Weekend Edition Sunday

Sundays, 8:00-10:00am

Whether revealing events in small-town America or overseas, or profiling notable personalities, Weekend Edition from NPR News appreciates the extraordinary details that make up every story. This two-hour weekend morning newsmagazine covers hard news, a wide variety of newsmakers, and cultural stories with care, accuracy, and a wink of humor.

Weekend Edition Sunday with Rachel Martin combines the news with colorful arts and human-interest features, appealing to the curious and eclectic. The show features interviews with newsmakers, artists, scientists, politicians, musicians, writers, theologians and historians. And the highlight for many listeners is the puzzle segment with Puzzlemaster Will Shortz, the crossword puzzle editor of The New York Times.

Ways to Connect

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Transcript

LINDA WERTHEIMER, HOST:

Copyright 2015 NPR. To see more, visit http://www.npr.org/.

Transcript

LINDA WERTHEIMER, HOST:

Copyright 2015 NPR. To see more, visit http://www.npr.org/.

Transcript

LINDA WERTHEIMER, HOST:

Last week was supposed to be the first week of school for students in Seattle, Washington. Instead it was the beginning of a teachers' strike. Negotiators are at a standoff over wages and performance evaluations.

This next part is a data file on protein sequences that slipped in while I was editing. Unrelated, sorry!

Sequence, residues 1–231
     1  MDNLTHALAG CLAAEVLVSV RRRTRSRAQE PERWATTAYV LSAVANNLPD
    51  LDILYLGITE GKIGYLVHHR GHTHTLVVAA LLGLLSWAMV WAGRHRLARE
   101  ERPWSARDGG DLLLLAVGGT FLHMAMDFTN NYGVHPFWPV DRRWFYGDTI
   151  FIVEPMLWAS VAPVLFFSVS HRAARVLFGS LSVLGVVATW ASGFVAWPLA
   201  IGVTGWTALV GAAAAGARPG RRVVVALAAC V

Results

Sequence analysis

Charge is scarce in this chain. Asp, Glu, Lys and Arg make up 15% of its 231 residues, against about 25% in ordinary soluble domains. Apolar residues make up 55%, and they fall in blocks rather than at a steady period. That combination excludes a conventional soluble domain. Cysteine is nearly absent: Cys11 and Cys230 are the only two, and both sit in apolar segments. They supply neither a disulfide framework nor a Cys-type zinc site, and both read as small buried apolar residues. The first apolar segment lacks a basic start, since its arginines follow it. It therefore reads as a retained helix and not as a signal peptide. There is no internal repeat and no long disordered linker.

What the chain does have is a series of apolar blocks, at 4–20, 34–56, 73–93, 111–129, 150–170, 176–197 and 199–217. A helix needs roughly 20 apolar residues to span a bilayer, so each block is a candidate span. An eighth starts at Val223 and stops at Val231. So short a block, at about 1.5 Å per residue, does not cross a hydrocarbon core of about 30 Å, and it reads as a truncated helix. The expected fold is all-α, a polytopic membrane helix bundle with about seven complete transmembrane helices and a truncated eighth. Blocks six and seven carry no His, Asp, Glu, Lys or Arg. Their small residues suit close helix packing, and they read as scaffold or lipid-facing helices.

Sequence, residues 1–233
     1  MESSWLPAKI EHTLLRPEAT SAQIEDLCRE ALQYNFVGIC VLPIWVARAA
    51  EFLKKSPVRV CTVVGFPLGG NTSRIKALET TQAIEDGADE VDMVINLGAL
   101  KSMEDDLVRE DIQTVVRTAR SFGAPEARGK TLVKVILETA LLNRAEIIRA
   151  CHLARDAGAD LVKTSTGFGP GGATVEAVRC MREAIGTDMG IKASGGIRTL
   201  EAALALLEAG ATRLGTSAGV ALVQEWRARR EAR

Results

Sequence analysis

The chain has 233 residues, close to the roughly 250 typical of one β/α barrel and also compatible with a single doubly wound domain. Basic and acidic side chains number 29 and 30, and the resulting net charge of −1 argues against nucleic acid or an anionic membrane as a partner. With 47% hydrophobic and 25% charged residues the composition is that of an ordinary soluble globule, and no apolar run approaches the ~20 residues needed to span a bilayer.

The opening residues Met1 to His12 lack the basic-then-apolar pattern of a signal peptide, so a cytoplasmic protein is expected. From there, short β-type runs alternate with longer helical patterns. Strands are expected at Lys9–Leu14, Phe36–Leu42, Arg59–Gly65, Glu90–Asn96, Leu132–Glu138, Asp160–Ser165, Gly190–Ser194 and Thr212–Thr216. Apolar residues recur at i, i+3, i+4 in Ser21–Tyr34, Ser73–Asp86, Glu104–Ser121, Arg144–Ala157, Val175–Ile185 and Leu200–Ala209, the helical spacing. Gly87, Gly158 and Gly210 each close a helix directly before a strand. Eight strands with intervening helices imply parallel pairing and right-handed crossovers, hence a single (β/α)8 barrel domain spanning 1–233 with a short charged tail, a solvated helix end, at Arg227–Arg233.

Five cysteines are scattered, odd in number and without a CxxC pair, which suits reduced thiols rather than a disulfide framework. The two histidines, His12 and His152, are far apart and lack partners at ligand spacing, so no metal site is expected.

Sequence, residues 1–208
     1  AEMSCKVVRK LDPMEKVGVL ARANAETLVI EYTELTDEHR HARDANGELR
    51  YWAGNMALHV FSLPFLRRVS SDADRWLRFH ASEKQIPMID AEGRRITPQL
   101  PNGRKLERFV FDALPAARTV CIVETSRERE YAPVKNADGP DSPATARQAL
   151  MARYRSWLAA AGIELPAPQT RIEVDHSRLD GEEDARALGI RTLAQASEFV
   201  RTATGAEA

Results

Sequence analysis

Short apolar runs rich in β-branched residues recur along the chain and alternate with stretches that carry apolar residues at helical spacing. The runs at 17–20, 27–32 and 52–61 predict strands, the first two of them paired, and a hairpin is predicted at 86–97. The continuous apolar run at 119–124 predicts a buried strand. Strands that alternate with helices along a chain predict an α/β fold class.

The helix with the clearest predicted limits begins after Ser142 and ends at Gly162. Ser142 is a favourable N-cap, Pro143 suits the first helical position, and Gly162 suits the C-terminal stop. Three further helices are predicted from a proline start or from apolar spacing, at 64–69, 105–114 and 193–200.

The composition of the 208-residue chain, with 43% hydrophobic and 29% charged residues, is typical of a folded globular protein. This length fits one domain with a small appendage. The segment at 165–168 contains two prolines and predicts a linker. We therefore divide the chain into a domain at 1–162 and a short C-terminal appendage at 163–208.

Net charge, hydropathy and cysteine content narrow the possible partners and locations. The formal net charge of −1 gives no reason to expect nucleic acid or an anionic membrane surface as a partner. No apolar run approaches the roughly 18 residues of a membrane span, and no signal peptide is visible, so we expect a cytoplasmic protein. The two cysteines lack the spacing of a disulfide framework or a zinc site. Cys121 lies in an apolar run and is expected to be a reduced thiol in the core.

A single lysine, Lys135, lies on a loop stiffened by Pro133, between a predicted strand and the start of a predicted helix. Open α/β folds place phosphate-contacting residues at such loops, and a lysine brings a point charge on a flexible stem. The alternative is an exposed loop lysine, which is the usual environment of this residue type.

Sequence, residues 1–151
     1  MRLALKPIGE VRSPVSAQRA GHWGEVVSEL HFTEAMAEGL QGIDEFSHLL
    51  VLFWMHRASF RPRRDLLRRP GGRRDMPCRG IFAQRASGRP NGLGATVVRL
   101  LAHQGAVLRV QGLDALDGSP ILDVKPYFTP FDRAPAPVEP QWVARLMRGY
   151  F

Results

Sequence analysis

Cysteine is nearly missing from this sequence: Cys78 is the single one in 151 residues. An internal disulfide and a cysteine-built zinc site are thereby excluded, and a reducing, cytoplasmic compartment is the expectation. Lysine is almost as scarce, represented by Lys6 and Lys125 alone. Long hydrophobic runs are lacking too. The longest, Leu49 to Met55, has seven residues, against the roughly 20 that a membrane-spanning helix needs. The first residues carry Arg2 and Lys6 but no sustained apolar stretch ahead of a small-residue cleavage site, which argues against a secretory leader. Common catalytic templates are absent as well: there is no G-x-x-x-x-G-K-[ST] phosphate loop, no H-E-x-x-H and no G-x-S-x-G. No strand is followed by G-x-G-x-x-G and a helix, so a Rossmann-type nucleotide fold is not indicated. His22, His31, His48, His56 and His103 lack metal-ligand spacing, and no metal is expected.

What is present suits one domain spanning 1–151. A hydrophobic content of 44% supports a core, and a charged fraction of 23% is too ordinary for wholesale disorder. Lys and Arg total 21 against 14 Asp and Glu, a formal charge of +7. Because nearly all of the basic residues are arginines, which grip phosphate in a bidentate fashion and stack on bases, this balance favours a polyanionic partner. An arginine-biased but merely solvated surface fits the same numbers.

In 2012, Chicago's public school teachers went on strike, leaving the city's 350,000 kids out of school for eight days.

Among the first firefighters on the scene when wildfires broke out in eastern Washington this summer was a crew of juveniles — inmates, actually. The crew, teens aged 15 to 19, were building fire lines and digging trenches. Hard work, in difficult conditions.

Last month, one teenager escaped from the work camp and later shot himself during a standoff with police. He has since recovered.

The program, however, may not. One of the few of its kind in the country, it is now under review.

Architecture professor Soheir Zaki Hawas has dedicated her life to documenting the beautiful historic buildings in downtown Cairo and to trying to preserve them.

"Heritage is the memory of a city," Hawas says. "If I lose my memory for five minutes, I will not be able to introduce myself to tell you anything about anything."

She pulls her book off the coffee table in her living room; it took her years to document the buildings in downtown Cairo.

"I want to show you this page here," she says, flipping through the book. "This is a beautiful catalogue."

Japan Lemur ISO Mate: Must Love Trees

Sep 13, 2015

Copyright 2015 NPR. To see more, visit http://www.npr.org/.

Copyright 2015 NPR. To see more, visit http://www.npr.org/.

Copyright 2015 NPR. To see more, visit http://www.npr.org/.

Transcript

RACHEL MARTIN, HOST:

Nathaniel Mackey's poetry has been described as metaphysical and mythological.

Honey bees are being rustled.

Thieves are hijacking hives and renting the bees and their queens out to farmers to pollinate their crops. With the global collapse of the bee population, the crime is becoming even more lucrative.

It's an issue in the U.S., in California's Central Valley, but most recently, another bee theft caught our attention. On the tiny island of Angelsey, off the coast of North Wales, Felin Honeybees, a farm and education center, has been hit twice in the last month.

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